‘Blades of Glory’ provides tear jerking laughs
From writers Craig Cox, Jeff Cox, and Busy Philipps, “Blades of Glory” rouses the kind of laughter that strengthens the abdomen. Were the rest of the animal kingdom capable of it, they would likely be on the floor chuckling and snorting alongside us.
Chazz Michael Michaels (Will Ferrell) is the macho swaggering rock star of the figure skating sport, rivaled only by the blonde and mop-topped former child prodigy with all the style and grace of a ballet dancer; Jimmy MacElroy (Jon Heder, Napoleon Dynamite). When the two are tied at the World Championships, their longstanding rivalry erupts into a brawl on the ice which results in them both being stripped of their gold medals and banned from men’s single skating for life. Now, three-and-a-half years later, Chazz has been fired from his role in a theatre on ice production for kids, and Jimmy has transitioned from an eccentric on the ice to an eccentric second string shoe salesman in a sporting goods shop.
Their saving grace proves to be one of Jimmy’s crazed and stalking male fans. Despite a restraining order, he tracks Jimmy down to point out a loophole in the rulebook which would allow Jimmy back into the sport as part of a pair. With the qualifying competition not far away, Jimmy goes on the hunt for a partner. His former coach is more than skeptical at first and suggests that he give up on skating, that is, until he sees footage of what is supposed to be a fight between Chazz and Jimmy, but looks more like a laughable acrobatic dance between the two. After much goading, Chazz and Jimmy reluctantly train together for a chance to return to the rink as the first ever male/male figure skating pair.
The jury is still out on whether or not there are any actual loopholes in The United States Figure Skating Association’s rule book allowing ousted skaters back into the sport, but assuming that the association adheres to the same laws as the International Skating Union (and in all likelihood they do), there will be no boy on boy or girl on girl action on the ice. Rule number 302, subsection 5, specifically states, “The composition of a pair must be one Lady and one Man.” One might look to the Gay Games or the Ice Skating Institute’s programs for “similar pairs” consisting of two skaters of the same gender.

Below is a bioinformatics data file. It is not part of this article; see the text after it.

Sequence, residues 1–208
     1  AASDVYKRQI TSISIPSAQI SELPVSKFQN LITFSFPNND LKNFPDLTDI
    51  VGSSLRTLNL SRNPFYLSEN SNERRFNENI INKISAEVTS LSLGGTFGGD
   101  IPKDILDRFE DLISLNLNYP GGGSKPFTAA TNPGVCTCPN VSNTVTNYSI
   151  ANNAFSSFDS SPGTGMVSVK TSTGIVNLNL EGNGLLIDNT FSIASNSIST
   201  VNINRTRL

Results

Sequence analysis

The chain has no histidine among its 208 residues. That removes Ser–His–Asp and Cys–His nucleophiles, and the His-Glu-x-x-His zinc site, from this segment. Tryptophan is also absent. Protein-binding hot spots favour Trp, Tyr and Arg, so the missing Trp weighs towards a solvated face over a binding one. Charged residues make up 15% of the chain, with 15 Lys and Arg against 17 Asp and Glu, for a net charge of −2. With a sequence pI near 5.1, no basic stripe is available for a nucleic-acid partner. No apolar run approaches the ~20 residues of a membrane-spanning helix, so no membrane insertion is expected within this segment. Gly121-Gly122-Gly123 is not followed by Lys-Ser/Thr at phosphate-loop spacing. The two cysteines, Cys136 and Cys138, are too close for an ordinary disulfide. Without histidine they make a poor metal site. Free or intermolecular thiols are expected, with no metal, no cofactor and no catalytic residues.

Fodder for a cause or just creative humor, “Blades” is a comic success relying more on the humor in the believable idiosyncrasies of its characters rather than over the top physical comedy.
Camoes from the sport’s elite, including: Brian Boitano, Nancy Kerrigan, Dorothy Hamill, Peggy Fleming, Sasha Cohen, and Scott Hamilton lends an air of respect for the sport that might otherwise be noticeably absent from the film.
Costuming was no triviality here; with campy-chic creations constructed by the sultan of sequins, rajah of rhinestones himself, Bob Mackie. Not without a few slips, predictable and annoying “ball bashing” has become all too common in any comedy featuring men, and to a nauseating degree here. The 6.0 scoring system by which the pairs are scored in the film is virtually extinct in reality, with the USFSA adopting the ISU’s more complex total element scoring. Stranz (Will Arnett) and Fairchild (Amy Poehler) Van Waldenberg’s performance scenes seem to have been cut, if filmed at all, which detracts from the climactic and triumphant final performance of our protagonists. Given that the Van Waldenbergs’ costumes had more comedic effect than their rivals’, this is especially disappointing.
The actors/comedians are at their best, with what I call “queer star” performances from Romany Malco (40 Year Old Virgin) as the diva choreographer, and Nick Swardson (The Benchwarmers) as a lunatic adult fan with a crush on Jimmy. If the nonstop laughs aren’t enough of a lure, then Jon Heder in his unitard with transparent mesh ought to do the trick.
MY RATING: A+
Genre: Comedy and Sports
Runtime: 1hr 33min
Release: March 30, 2007
MPAA Rating: PG-13 for crude and sexual humor, language, a comic violent image, and some drug references